On the other hand, I think that what shall eventually bring the doom of the control imperative will be the further development of defense technology. We already have at our disposal both technologies of mass destruction (nuclear weapons) as well as some means of protection against total destruction (anti-ballistic missiles, nuclear shelters). What we still lack, however, is efficient methods of individual, personal defense. The disastrous rule “nec Hercules contra plures” still makes it the case that a peacefully inclined individual cannot effectively withstand the depredations of the statist apparatus of coercion. But let us imagine, drawing for a moment on the most clichéd science fiction scenarios, that some ingenious inventors come up with a prototype of a personal protective field generator, field impenetrable by any forces known to science (think of the monolith from “2001: A Space Odyssey” or of the experiments conducted by Nikola Tesla). Though fictional today, this is not a logically impossible scenario. The dissemination of such an invention would lead to the ultimate dissolution of the practicability of violence-based solutions, just as the dissemination of the Internet rendered any censorial attempts directed against the free flow of information unfeasible. The only alternatives would then be: barricading oneself in one’s indestructible shell and returning to coarse self-sufficiency or engaging in voluntary and contractual cooperation, based on the division of labor, free competition and unbridled entrepreneurship. The precise shape that the adherents of the latter alternative would give to the abovementioned system of voluntary collaboration remains an open question--however, the crucial change would be that the control imperative would perhaps not be completely eliminated from human nature, but it would become generally powerless, and it would henceforth be a vain effort to try to uphold the practices based on it.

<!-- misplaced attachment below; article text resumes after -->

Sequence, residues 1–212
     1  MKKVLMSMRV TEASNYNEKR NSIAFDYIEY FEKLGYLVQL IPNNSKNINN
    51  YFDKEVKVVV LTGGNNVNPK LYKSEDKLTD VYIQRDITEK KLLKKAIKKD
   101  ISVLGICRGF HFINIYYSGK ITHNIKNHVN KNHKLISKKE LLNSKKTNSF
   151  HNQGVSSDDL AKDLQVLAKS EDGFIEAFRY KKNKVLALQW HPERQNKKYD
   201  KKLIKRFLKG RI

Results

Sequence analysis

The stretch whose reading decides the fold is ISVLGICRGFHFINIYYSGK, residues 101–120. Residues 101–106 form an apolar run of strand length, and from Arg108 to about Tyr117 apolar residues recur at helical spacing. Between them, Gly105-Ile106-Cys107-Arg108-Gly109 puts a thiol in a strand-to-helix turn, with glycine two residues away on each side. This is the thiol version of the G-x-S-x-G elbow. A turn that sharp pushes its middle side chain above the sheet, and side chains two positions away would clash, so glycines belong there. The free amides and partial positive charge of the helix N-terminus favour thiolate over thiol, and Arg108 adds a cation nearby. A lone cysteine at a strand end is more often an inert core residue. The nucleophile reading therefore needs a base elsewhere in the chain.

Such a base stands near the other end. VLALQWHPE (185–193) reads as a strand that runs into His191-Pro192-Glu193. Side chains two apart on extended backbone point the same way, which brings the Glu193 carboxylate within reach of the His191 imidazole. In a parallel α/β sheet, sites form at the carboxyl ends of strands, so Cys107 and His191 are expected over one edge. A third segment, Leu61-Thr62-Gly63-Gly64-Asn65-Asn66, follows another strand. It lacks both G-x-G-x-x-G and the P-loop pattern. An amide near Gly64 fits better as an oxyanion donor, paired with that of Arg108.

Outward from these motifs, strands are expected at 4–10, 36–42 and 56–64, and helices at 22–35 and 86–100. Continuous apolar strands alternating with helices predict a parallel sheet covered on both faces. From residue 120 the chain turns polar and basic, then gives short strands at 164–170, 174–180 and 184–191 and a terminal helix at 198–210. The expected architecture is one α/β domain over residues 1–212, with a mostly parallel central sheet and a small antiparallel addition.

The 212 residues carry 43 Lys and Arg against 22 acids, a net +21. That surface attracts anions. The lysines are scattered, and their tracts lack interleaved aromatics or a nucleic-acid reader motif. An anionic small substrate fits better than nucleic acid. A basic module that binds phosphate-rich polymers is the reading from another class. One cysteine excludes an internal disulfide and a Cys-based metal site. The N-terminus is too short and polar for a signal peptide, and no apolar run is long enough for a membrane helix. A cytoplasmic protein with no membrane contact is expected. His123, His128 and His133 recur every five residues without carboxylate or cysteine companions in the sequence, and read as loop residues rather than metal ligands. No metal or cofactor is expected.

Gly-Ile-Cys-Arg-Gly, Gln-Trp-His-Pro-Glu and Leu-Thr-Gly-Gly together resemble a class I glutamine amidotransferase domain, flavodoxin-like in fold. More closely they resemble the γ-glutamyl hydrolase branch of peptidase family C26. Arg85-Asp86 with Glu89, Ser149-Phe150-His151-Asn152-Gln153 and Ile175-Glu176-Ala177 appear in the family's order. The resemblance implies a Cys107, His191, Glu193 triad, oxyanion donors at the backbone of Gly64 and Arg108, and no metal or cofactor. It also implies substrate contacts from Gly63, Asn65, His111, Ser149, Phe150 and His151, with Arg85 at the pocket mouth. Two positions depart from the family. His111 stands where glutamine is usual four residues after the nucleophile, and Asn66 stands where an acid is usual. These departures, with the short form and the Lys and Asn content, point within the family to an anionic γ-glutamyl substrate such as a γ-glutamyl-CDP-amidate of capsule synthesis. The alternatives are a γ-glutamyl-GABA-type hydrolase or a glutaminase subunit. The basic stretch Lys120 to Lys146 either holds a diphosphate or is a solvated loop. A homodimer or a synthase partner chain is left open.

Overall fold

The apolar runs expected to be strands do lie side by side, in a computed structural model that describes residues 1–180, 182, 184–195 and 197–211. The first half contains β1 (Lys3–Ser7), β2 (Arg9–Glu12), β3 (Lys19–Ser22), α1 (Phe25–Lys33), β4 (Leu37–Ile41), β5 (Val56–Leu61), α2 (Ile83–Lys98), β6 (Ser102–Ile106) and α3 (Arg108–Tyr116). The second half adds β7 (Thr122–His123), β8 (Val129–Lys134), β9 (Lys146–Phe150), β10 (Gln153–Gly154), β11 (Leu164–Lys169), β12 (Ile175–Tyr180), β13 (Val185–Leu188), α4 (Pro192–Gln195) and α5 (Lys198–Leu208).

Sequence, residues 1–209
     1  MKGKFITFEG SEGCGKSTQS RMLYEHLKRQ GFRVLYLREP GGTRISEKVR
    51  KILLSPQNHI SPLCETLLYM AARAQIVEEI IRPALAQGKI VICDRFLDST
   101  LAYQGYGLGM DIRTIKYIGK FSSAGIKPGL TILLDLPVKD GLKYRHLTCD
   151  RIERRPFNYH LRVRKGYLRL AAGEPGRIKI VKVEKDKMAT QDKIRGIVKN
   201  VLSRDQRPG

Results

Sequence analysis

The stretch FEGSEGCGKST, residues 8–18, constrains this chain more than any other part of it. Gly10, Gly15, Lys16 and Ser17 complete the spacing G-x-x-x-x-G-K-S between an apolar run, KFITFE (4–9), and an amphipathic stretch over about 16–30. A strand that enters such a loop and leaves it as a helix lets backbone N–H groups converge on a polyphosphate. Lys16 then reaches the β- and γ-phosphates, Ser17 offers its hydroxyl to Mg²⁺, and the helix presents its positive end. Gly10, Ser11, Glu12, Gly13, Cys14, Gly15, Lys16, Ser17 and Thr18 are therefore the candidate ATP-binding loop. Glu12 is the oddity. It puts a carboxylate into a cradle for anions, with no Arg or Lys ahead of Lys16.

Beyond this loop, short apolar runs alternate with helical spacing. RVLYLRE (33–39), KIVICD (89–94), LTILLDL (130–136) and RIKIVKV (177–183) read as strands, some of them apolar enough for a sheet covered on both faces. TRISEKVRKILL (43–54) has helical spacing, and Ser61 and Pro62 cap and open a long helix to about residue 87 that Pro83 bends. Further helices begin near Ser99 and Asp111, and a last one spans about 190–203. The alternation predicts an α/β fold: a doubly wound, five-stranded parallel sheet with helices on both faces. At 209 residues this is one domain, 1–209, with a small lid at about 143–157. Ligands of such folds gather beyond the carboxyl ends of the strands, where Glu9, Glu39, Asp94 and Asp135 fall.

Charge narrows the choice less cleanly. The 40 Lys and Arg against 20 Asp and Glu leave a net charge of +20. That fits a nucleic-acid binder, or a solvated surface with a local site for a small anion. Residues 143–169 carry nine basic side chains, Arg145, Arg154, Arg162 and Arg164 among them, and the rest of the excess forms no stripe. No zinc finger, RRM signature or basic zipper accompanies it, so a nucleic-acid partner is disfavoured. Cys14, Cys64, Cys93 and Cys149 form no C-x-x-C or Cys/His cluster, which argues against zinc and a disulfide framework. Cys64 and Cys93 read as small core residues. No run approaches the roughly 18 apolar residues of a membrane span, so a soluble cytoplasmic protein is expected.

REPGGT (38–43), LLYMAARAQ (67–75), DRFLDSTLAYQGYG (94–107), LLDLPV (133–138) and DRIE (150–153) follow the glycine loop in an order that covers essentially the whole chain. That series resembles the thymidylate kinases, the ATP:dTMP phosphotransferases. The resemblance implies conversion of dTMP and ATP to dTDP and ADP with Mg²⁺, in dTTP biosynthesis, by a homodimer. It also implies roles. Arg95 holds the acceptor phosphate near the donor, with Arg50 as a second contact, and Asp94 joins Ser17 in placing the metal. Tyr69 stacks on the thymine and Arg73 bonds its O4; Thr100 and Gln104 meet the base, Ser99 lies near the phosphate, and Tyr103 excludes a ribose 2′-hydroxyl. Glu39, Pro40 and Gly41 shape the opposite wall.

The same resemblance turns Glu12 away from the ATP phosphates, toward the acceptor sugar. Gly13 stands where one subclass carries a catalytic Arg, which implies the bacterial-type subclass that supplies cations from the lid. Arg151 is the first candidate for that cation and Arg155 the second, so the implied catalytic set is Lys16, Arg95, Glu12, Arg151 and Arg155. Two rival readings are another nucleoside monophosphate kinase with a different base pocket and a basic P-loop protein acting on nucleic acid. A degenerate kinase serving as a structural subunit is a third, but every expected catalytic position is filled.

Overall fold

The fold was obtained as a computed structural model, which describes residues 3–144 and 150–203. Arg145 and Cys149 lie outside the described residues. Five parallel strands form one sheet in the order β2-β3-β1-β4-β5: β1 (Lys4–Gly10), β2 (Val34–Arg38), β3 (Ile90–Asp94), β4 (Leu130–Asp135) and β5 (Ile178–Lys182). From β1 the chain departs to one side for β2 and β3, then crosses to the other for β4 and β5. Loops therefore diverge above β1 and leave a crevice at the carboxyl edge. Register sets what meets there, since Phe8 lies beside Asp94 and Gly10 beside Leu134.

A pessimistic addendum to the above scenario could read: Global voluntarism would last only as long as one revolutionary invention were not followed by another, nullifying the benefits brought by its predecessor. As above--such a development of events is not logically impossible. But even bearing in mind various dark forecasts we should not forget that the ultimate tone of the speculations contained herein is positive, for their final conclusion states: Logic does not protest against, while historical experience is sympathetic to the thesis that the fruits of human reason are oftentimes able to rein in the fruits of human vice. And with this positive conclusion I would like to leave all the friends of liberty.

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Jakub Bozydar Wisniewski's picture
Columns on STR: 12

Jakub Bozydar Wisniewski is a libertarian theorist and a researcher in the tradition of the Austrian School of Economics. He has been a fellow at the Institute for Humane Studies and at the Ludwig von Mises Institute. He has published peer-reviewed articles in philosophy, economics, and political economy in, among others, "Independent Review", "Quarterly Journal of Austrian Economics", "New Perspectives on Political Economy", "Journal of Prices & Markets", "Libertarian Papers", and "Reason Papers". Visit his blog at